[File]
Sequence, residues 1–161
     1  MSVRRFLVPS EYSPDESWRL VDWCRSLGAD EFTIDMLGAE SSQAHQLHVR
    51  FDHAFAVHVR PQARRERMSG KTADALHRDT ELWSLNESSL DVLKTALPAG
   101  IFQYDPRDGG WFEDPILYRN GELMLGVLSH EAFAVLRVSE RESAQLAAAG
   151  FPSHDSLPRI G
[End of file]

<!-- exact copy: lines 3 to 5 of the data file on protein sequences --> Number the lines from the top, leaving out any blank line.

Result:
    51  FDHAFAVHVR PQARRERMSG KTADALHRDT ELWSLNESSL DVLKTALPAG
   101  IFQYDPRDGG WFEDPILYRN GELMLGVLSH EAFAVLRVSE RESAQLAAAG
   151  FPSHDSLPRI G